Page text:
Things must have gone well as we have had no messages of despair.
The train was very nice and left on the button. there was a mom and daughter in our seats, but we left them there as they were going to Firenze only. They had been on the road over 24 hours as art of a group of 8 from Florida. Seated beside me the young girl was very good, but tended to take up a lot of space for such a small person and talked non stop until she finally passed out for a bit. When they left a family from China joined us. Ken and his wife and daughter had their train from Rome that morning cancelled due to a strike. They had to buy new tickets at a much higher cost and will have to apply later to get their money back for the first set. It was never quite clear why they were boarding in Firenze; I guess they had to take two trains. Also joining across from us were students, Shirley from Houston and Kate from Minnesota. It is almost time for them to return home. They almost got off at the stop on the mainland before Venice...whoops.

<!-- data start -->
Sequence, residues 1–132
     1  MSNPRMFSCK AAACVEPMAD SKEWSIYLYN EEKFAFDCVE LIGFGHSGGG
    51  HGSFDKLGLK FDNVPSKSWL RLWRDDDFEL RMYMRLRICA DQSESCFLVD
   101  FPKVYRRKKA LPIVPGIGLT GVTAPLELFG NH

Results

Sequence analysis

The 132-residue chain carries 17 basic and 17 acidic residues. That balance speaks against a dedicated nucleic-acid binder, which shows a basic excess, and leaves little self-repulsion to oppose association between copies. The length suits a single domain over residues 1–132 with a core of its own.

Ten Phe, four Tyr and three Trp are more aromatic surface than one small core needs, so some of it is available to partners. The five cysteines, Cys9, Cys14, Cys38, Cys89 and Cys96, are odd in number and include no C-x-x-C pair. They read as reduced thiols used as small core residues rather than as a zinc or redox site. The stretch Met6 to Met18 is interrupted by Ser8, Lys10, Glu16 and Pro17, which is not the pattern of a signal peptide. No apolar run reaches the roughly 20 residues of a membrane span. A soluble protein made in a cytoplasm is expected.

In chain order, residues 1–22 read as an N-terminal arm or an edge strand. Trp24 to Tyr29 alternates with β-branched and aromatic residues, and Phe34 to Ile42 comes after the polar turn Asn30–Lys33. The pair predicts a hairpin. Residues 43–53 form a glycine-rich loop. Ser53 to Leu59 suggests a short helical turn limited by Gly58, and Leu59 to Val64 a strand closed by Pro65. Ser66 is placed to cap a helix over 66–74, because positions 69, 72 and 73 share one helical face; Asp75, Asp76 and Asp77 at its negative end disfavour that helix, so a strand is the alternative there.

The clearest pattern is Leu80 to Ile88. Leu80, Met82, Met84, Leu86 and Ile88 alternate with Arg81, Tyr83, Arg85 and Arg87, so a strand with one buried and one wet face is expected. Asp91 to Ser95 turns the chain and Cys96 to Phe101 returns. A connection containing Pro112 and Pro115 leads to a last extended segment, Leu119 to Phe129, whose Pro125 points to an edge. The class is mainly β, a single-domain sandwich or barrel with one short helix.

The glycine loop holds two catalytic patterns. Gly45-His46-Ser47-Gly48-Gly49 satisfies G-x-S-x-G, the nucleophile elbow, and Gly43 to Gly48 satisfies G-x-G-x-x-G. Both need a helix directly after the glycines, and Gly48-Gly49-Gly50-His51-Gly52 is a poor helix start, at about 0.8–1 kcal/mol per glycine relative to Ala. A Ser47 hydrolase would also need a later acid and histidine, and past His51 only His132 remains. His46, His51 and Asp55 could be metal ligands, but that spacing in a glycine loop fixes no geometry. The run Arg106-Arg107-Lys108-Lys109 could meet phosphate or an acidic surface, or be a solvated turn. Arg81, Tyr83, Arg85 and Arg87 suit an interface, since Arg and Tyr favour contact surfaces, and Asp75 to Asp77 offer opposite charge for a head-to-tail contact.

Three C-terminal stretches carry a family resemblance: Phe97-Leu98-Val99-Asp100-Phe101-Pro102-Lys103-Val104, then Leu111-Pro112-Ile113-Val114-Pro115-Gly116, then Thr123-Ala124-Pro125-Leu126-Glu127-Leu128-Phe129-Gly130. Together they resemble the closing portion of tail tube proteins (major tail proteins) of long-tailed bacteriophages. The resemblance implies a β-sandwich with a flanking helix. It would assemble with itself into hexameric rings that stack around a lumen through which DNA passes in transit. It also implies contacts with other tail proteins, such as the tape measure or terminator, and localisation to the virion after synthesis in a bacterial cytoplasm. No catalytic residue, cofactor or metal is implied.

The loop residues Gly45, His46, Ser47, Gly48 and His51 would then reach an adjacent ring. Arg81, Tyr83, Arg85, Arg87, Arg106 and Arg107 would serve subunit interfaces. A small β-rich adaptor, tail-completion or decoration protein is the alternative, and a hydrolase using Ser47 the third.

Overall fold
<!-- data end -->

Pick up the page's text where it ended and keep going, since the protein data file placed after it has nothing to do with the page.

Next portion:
The train arrives and I phone Andrea our host. That is 'Andraya' as in Andrea Boticelli, not 'Andreeea'. He has instructed us to take the vaparetto or common water taxis, but I want to walk. Luckily there is a strike and only one is running so I get my wish. We manage to find the Rialto station and follow his directions to the B & B. Like in Rome we are on the third floor in number 9. How cool is that.